The Dreamers.

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Chris Saines

When Chris Saines first took a job at Queensland Art Gallery in 1984, his Melbourne friends warned him of the perils of moving north. Chris ignored their advice and packed his bags for Brisbane, excited to be part of what was then a fledgling gallery only two years into its existence. In 1995, Chris moved across the Tasman to take up the post of director of the Auckland Art Gallery, which he held for 17 years. But the warmer climes of Brisbane eventually enticed him back, and in 2013 he made his return – this time with a family in tow – to assume the directorship at the now world-renowned QAGOMA.

Chris Saines remembers exactly the first piece of artwork that ever caught his imagination. It was when he was 15 while on a class excursion to Melbourne – a few hours from the dairy farm in country Victoria he had grown up on. “We saw an exhibition of Sidney Nolan’s The Gallipoli Series, which struck me as one of the most astonishing things I had ever seen. It certainly was my first experience of contemporary art and it was from a figure who was probably then in his prime. I remember I went back to school and wrote a feverish essay about it!”

Despite this revelatory moment, when it came to career aspirations, Chris was focused on a different artistic endeavour: acting. “I was involved in all the plays at school, often in lead roles,” he recalls. “There was nothing more pleasing than hearing that feedback from the audience.”

That love for pleasing a crowd, Chris muses, might also explain why he dreamed at one stage of becoming a minister. “I wasn’t particularly religious, but – belonging to the Church of England – I was always entranced by the way in which the minister would stand at the head of the congregation in a pulpit, and have the undivided attention of those who were gathered there. I think it was just that I was drawn to that public space – and the vestments that went with it!”

The turning point came when it was time to choose a university path, and Chris wavered between studying at Monash to become a drama teacher, or going to La Trobe to study art history. Eventually he chose the latter, but his theatre days were not time idly spent. “Nothing you do in life is ever wasted and no interest is ever lost,” Chris says. “I think that interest in theatre and public speaking was all built around a love of communicating with people.”

Following his first role in a public gallery, working as a curator at McClelland Gallery, Chris saw an advertisement for a job as an education officer at Queensland Art Gallery. “I was almost counselled against it by friends in Victoria who thought I would truly be going to the end of the earth,” he laughs. “There were those jokes that were always readily at hand about stepping back in time when you went to Brisbane.”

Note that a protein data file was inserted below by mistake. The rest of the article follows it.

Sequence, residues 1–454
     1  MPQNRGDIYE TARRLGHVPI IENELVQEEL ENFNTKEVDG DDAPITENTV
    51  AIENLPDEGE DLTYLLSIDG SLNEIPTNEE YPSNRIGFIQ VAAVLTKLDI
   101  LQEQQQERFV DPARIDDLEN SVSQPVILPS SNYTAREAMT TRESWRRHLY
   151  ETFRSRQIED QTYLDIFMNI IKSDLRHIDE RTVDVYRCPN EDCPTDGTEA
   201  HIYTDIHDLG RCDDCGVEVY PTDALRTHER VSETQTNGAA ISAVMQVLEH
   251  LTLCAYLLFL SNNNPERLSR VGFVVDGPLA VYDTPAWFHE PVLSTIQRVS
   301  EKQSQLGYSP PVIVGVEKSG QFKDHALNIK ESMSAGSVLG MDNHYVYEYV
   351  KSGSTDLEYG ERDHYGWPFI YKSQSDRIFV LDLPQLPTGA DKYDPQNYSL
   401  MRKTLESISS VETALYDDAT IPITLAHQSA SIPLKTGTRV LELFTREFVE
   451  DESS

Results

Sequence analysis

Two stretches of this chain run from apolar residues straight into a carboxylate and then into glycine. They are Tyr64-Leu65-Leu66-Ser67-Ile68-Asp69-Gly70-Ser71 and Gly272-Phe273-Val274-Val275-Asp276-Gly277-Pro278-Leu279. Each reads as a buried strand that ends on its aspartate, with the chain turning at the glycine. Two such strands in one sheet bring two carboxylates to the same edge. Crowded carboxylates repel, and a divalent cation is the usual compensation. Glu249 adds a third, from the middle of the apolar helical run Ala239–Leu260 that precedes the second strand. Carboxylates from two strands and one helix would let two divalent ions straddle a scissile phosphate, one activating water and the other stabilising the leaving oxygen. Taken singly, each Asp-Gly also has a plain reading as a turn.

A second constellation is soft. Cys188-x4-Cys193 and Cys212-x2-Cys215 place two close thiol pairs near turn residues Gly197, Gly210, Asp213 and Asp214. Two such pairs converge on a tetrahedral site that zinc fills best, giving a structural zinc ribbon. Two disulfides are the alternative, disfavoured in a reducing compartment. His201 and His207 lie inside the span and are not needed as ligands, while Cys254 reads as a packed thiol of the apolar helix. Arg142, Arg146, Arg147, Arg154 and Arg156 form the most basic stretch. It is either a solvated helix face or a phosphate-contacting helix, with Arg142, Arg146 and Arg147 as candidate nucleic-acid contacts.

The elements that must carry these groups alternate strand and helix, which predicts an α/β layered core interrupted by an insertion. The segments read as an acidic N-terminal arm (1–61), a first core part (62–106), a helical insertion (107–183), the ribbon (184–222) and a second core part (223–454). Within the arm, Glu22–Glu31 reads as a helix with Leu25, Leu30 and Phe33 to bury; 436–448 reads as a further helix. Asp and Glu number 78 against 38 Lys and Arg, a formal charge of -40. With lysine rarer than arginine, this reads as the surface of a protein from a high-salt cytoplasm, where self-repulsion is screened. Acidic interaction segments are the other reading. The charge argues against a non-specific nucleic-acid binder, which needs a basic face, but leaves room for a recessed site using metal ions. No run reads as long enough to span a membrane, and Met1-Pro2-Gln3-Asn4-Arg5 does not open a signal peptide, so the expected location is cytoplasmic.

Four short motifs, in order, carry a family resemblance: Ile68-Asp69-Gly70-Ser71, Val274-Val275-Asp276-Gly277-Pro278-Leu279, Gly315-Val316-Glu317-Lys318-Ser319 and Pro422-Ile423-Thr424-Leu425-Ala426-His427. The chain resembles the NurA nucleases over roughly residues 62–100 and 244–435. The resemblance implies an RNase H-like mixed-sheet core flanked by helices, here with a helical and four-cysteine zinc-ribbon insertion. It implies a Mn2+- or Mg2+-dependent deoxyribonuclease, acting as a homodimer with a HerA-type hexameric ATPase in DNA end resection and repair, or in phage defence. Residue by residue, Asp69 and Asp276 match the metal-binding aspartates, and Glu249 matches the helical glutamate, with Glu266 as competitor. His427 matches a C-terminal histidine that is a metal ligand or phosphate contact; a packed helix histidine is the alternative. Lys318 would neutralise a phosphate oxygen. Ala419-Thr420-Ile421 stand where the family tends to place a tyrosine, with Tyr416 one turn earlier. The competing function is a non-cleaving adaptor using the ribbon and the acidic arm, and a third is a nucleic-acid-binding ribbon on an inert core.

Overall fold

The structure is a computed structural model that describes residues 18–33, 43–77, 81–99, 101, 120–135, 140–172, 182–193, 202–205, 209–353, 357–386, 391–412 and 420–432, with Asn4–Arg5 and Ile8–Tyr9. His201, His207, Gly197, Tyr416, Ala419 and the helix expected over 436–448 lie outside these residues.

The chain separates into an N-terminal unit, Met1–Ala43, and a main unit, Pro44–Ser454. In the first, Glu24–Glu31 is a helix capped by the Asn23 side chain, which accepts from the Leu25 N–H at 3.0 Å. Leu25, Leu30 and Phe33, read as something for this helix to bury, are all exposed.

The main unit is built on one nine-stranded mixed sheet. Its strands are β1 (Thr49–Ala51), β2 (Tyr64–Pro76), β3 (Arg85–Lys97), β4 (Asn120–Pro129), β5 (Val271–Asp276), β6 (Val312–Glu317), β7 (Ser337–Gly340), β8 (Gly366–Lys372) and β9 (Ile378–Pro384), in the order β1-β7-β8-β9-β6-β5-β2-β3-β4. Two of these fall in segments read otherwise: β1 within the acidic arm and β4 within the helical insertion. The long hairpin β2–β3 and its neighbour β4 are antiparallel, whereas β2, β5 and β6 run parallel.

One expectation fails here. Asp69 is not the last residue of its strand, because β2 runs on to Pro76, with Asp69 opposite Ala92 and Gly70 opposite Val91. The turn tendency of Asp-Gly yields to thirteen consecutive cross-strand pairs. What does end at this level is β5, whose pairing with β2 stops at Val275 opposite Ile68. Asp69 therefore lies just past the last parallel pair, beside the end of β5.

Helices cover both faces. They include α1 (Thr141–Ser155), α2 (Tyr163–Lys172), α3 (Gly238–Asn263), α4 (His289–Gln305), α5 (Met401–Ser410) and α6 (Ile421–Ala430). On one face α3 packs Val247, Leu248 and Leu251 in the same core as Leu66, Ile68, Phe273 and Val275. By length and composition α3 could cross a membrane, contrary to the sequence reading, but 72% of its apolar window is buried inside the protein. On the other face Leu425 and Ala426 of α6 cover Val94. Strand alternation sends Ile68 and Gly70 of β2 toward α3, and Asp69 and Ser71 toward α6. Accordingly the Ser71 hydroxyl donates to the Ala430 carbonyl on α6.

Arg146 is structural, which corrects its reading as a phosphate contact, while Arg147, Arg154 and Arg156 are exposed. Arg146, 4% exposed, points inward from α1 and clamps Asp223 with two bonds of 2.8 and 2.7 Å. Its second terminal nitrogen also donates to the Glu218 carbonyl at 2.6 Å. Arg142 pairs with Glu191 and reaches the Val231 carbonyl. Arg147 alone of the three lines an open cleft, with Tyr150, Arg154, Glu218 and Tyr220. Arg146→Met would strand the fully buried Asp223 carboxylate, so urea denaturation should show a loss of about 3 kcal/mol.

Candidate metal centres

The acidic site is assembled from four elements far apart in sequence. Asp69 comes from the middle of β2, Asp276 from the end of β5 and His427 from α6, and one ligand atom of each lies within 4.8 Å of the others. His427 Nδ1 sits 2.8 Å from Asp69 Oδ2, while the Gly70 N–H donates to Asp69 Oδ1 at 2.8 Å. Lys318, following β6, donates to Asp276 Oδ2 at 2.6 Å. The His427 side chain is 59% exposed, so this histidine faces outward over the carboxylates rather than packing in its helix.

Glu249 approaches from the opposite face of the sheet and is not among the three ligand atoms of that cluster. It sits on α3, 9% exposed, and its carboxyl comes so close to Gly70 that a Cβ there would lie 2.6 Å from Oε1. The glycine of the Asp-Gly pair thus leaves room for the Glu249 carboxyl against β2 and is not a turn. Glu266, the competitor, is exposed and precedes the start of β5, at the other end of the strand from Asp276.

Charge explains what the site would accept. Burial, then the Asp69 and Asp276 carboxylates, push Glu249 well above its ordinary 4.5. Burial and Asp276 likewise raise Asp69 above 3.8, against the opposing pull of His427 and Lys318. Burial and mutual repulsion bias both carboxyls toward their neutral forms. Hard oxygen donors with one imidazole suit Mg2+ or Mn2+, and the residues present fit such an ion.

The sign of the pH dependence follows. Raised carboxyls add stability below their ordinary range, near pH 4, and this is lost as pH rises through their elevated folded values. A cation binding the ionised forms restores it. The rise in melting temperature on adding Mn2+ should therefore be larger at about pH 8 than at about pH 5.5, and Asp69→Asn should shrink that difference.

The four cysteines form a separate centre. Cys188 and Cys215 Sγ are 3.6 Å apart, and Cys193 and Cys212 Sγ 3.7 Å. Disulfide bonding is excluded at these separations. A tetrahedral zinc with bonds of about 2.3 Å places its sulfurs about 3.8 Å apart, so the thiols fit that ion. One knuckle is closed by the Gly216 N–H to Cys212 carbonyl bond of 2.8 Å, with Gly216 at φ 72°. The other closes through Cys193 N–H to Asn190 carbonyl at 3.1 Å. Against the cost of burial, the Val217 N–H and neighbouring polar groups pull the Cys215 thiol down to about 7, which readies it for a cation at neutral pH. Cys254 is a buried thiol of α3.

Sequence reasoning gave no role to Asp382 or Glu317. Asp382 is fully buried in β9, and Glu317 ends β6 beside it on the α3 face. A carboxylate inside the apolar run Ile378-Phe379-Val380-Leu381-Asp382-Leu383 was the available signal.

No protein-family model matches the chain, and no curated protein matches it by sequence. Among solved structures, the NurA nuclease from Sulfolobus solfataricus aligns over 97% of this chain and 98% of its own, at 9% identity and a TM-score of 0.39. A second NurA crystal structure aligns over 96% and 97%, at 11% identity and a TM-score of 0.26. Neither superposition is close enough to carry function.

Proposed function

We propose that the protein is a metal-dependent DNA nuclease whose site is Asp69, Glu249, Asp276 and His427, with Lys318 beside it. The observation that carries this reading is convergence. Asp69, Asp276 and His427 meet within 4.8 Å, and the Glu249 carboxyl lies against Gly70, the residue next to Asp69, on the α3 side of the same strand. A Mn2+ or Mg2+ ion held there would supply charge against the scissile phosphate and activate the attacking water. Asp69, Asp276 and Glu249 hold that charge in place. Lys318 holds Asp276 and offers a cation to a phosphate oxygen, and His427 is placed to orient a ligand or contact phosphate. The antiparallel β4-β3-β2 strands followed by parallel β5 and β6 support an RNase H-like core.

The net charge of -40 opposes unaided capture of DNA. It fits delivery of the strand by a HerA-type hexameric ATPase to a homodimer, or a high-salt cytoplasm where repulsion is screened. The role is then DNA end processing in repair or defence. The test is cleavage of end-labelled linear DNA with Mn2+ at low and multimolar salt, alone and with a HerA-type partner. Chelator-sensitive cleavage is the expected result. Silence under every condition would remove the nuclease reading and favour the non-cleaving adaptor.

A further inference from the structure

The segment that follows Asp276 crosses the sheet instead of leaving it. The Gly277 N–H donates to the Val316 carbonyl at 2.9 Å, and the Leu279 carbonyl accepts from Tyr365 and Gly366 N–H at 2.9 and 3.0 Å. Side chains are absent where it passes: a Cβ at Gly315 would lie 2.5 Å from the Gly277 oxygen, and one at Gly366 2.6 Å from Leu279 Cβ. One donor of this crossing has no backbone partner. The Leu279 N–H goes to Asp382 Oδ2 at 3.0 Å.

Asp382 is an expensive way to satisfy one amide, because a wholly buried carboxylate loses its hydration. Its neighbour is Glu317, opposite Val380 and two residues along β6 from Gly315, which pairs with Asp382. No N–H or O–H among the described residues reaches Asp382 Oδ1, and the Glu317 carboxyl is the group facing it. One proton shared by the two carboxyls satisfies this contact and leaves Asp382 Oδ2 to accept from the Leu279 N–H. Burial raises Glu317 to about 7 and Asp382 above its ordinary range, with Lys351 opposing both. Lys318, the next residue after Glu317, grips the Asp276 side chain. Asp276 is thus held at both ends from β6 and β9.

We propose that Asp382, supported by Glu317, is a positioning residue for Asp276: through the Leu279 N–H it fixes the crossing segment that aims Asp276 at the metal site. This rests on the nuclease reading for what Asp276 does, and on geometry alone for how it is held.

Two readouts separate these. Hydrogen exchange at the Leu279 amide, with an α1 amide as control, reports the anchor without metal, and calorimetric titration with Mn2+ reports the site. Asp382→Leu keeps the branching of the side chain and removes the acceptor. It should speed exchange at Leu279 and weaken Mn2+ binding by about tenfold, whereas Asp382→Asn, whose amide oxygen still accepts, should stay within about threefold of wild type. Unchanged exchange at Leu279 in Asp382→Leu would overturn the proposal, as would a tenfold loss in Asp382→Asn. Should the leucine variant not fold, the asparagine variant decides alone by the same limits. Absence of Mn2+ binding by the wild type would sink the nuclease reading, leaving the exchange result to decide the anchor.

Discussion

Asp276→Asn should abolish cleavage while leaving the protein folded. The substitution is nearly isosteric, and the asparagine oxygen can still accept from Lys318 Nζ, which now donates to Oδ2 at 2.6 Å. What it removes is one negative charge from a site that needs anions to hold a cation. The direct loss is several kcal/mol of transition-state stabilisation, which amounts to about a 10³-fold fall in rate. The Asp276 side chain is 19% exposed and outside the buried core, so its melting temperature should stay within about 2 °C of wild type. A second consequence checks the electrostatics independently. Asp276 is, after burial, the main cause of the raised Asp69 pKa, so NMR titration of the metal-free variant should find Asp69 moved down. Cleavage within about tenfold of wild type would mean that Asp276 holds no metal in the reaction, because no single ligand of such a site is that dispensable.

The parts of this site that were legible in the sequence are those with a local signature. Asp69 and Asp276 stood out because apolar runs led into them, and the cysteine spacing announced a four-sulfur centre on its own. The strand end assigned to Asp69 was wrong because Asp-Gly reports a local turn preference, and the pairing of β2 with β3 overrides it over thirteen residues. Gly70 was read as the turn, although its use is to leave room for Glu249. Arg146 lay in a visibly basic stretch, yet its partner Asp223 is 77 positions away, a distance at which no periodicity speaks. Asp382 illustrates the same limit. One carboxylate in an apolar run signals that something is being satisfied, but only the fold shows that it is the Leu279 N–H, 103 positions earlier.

Undeterred, Chris applied for the role and in 1984 he moved to Brisbane. “It definitely didn’t feel like a very big city back then,” he recalls. “But by the same token, it was an incredibly exciting place to come to. The Queensland Art Gallery was then only two years old and within about four years Expo 88 burst across South Bank. So I really got to see that transition from tin shed to world-class destination. There was also the development of the first of the Asia Pacific Triennials and that, now, is a legacy that I return to the gallery to build upon.”

Being in the unique position of returning to run a gallery he got to know so well during its fledgling years, Chris says, is a great privilege. “Anyone who occupies this role is very fortunate. A great deal of public trust is placed in us and I also have one of the most highly engaged and passionate staff working in any art museum in this country.”

His vision for the gallery is grand. “I want to continue to grow the gallery’s audience and strengthen that relationship that we’ve built over the last 20 years with people within the Queensland community and beyond. And I want us to increasingly focus on delivering exhibitions that we’ve been responsible for curating and that we’re planning to take out into the wider world – both in Australia and internationally.”

While much of his time is spent dealing with supremely talented artists, Chris says he finds the most inspiration in the spirits of his two young daughters, Poppy, 9, and Georgia, 6. “They remind me daily of why I do what I do,” he marvels. “And I have the great privilege and pleasure of often coming into the gallery with them, because it’s kind of my world and has thus become theirs. I cannot tell you the pride I take seeing the way they respond to and interact with the kinds of things we do at the gallery. You never have to question why you do a job like this, but when you have a young family where you can see the benefit of the experiences that you find in a gallery, and the impact it has on their young lives, it’s difficult not to feel proud. The greatest thing you can give your children is time and attention, and you see them picking up interests as they grow. What I want to see is them become as passionate about something in life as I feel I’ve been about the things I’ve pursued.”